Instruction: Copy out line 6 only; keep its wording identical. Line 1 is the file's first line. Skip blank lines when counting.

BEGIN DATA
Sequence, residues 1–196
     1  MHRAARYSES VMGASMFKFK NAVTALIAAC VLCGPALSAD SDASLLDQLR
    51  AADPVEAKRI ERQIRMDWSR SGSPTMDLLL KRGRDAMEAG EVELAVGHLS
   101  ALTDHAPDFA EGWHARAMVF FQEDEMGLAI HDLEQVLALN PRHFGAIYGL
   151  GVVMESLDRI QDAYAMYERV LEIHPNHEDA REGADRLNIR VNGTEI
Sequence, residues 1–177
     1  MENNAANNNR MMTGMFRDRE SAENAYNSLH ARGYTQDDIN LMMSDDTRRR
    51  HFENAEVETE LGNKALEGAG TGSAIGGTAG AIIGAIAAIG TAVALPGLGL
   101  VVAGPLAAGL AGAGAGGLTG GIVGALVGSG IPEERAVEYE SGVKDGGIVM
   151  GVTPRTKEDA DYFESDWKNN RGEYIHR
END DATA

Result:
Sequence, residues 1–177